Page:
Chandra Manning And The Civil War

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On April 18, 1865, the Civil War was ended by an agreement reached between Joseph E. Johnston and William T. Sherman following the surrender of the Confederate Army. Decades later, historians still question how the Civil War began. Although they view slavery as an underlying cause of the Civil War, there is still controversy in accepting that it was the main cause of conflict between the North and the South. In What This Cruel War was Over, Chandra Manning argues that the North fought for the purpose of protecting their ideals of liberty, morals, and self-government, whereas the South fought for individualized self-interests. Through the use of primary and secondary sources, Manning examines the viewpoints of both Union and Confederate soldiers in order to assert that most soldiers during the time period viewed slavery to be the underlying cause of the war.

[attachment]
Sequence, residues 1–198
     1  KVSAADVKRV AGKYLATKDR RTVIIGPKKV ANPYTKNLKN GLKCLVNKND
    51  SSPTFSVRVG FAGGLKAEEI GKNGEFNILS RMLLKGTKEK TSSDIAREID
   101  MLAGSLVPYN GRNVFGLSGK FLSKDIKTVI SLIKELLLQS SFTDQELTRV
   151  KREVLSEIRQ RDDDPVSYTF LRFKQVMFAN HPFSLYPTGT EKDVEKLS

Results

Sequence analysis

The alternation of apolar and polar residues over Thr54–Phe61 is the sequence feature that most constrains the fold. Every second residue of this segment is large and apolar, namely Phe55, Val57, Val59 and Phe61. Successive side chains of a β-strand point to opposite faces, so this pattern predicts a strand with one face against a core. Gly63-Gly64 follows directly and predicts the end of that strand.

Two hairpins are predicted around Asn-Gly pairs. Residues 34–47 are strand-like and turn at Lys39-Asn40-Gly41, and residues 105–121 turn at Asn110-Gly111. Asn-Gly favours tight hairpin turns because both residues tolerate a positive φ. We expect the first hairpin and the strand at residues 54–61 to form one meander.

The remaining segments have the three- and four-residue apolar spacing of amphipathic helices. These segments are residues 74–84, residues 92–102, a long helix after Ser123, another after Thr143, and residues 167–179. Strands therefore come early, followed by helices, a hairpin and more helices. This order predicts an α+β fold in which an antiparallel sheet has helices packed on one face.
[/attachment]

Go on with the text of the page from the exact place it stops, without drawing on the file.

Chandra Manning is an American historian who graduated from Mount Holyoke College and received her PhD from Harvard in 2002. She is currently an assistant professor at Georgetown University. Her most notable award is the Avery O. Craven Award, making her a credible source used by historians such as Paul D. Escott in North Carolinians in the Era of the Civil War and Reconstruction.
Written in chronological order, What This Cruel War was Over is divided into six chapters with both an introduction and conclusion. In the first chapter, Manning argues that the sole purpose for commitment and existence of Confederate troops
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